The ability of coral reefs to engineer complex three-dimensional habitats is central to their success and the rich biodiversity they support. In tropical reefs, encrusting coralline algae bind together substrates and dead coral framework to make continuous reef structures, but beyond the photic zone, the cold-water coral Lophelia pertusa also forms large biogenic reefs, facilitated by skeletal fusion. Skeletal fusion in tropical corals can occur in closely related or juvenile individuals as a result of non-aggressive skeletal overgrowth or allogeneic tissue fusion, but contact reactions in many species result in mortality if there is no ‘self-recognition’ on a broad species level. This study reveals areas of ‘flawless’ skeletal fusion in Lophelia pertusa, potentially facilitated by allogeneic tissue fusion, are identified as having small aragonitic crystals or low levels of crystal organisation and strong molecular bonding. Regardless of the mechanism, the recognition of ‘self’ between adjacent L. pertusa colonies leads to no observable mortality, facilitates ecosystem engineering and reduces aggression-related energetic expenditure in an environment where energy conservation is crucial. The potential for self-recognition at a species level and subsequent skeletal fusion in framework-forming cold-water corals is an important first step in understanding their significance as ecological engineers in deep-seas worldwide.
Tropical scleractinian coral reefs are largely consolidated by photosynthetic coralline algae that bind coral framework and sediment to create extensive shallow-water reef systems. However, coral reefs are not restricted to tropical waters and reef framework forming cold-water corals are found in deep-water continental shelf, slope and seamount settings across the globe (Fig. 1). Of these corals, Lophelia pertusa is the most globally widespread and forms extensive carbonate framework reefs1. Since Lophelia-engineered reef systems are mostly below the photic zone, coralline algae are not available to bind the reefs together. In such cold-water coral reefs, consolidation is facilitated by skeletal fusion between individual L. pertusa colonies that are over several years of age (assuming annual polyp division)2.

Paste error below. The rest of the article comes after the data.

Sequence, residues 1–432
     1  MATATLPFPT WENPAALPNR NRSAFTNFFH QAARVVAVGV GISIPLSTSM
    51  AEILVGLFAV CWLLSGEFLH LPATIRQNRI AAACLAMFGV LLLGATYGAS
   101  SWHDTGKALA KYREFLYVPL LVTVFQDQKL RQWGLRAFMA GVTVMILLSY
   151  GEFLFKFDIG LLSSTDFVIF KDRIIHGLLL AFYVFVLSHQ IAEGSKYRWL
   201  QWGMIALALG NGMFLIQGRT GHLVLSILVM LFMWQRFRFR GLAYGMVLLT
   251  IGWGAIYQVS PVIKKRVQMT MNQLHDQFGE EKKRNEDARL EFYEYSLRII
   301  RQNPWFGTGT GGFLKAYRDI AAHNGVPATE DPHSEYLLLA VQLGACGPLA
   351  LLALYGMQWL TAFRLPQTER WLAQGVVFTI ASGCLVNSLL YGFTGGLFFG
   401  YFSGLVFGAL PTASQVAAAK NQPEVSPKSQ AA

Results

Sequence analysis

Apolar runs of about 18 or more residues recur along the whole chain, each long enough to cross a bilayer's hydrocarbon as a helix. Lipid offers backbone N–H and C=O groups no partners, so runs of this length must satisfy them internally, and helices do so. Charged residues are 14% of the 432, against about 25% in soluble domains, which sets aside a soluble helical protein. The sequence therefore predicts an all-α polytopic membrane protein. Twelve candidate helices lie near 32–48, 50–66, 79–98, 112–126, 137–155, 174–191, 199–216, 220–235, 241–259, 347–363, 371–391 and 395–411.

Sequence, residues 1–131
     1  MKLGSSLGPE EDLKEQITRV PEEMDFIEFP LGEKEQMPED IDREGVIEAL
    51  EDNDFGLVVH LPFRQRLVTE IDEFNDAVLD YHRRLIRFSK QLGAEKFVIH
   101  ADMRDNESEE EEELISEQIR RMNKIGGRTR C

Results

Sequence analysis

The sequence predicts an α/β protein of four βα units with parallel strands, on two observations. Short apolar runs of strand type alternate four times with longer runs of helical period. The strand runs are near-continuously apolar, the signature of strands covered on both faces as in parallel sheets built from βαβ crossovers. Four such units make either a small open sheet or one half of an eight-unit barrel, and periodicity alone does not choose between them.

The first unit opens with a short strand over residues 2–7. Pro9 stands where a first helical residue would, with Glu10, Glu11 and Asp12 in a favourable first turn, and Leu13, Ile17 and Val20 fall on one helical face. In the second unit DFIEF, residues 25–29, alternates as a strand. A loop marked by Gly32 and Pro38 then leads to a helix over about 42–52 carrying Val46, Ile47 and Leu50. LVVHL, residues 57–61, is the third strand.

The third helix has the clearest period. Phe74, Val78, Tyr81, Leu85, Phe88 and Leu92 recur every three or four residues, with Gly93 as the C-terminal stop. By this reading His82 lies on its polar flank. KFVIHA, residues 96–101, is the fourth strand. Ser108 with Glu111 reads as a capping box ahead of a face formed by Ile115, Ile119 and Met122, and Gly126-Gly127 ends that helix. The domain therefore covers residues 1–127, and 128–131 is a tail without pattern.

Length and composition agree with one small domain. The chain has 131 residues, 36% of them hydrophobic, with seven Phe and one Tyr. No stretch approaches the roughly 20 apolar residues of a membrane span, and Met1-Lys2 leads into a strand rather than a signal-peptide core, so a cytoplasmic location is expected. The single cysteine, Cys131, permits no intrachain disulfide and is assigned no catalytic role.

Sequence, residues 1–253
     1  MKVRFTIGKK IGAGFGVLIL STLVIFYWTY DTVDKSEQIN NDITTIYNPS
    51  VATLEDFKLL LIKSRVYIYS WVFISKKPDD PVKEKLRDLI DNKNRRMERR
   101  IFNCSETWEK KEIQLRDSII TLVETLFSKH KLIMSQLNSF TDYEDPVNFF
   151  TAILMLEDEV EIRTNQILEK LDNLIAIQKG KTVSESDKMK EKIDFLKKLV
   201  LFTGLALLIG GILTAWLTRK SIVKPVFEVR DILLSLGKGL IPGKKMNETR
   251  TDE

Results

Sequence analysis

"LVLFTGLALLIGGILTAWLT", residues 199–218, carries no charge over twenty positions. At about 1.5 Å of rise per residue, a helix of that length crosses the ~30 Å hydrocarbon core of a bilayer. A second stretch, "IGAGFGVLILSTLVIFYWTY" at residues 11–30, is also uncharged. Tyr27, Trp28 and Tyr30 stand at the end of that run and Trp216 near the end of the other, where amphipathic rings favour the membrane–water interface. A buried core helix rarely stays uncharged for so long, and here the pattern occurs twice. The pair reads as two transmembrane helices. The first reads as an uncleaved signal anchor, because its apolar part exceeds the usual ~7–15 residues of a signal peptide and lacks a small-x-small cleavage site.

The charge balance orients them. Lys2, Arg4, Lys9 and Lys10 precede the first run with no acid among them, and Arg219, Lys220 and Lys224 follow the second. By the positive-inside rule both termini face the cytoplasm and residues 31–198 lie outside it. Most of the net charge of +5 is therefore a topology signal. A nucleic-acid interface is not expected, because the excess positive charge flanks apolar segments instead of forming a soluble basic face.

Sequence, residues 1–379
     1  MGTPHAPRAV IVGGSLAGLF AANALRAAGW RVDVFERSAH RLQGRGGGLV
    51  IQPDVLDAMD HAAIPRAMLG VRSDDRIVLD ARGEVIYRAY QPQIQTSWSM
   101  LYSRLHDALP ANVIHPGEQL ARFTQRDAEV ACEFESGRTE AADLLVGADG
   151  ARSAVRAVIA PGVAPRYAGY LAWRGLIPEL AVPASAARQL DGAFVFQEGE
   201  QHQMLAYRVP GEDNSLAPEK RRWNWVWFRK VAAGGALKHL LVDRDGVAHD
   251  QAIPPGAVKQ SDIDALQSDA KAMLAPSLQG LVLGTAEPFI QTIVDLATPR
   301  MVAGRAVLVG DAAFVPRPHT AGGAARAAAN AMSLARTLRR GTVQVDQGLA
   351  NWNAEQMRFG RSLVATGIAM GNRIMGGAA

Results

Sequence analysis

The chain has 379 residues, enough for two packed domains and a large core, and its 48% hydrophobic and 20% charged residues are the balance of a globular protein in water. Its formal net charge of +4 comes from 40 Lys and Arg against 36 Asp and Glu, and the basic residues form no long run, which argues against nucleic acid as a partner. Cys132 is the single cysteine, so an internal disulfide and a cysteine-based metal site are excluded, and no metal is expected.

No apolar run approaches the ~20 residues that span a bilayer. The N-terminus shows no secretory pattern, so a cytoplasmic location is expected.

While it is known that L. pertusa branches within individual colonies routinely fuse, it is often impossible to identify where fusion has occurred between different colonies. In cases where fusion has been identified, it has been assumed that both colonies were closely related and were displaying characteristics which have also been noted in tropical corals3,4,5.
True skeletal fusion in tropical corals occurs in conjunction with allogeneic tissue fusion, which is controlled by allorecognition, a major characteristic in invertebrate immunity4 that depends upon the ability to recognise self and non-self4,6. In tropical corals, the ability to allorecognise depends largely on the maturity of the individuals with allogeneic fusion only reported in juvenile corals. In tropical corals it is thought that the lack of an active historecognition system during the early stages of ontogeny (4–8 months) allows juveniles of the same species to occasionally allogeneically fuse6,7,8. However, allorecognition in corals is a complex synergy of effector mechanisms, specificity and competency4,6,9, which may have evolved as far back as 400 million years ago10. Allogeneic interactions between juvenile tropical corals fall into three groups: (A) true fusion (resulting in a chimaera), (B) incompatible fusion, or (C) non-fusion6. True fusion will often be followed by incompatible fusion, when one colony reaches historecognition maturity or starts to discriminate between self and non-self. At this point, skeletal ridges or overgrowth may occur but, importantly, continuous framework will have been established between colonies8.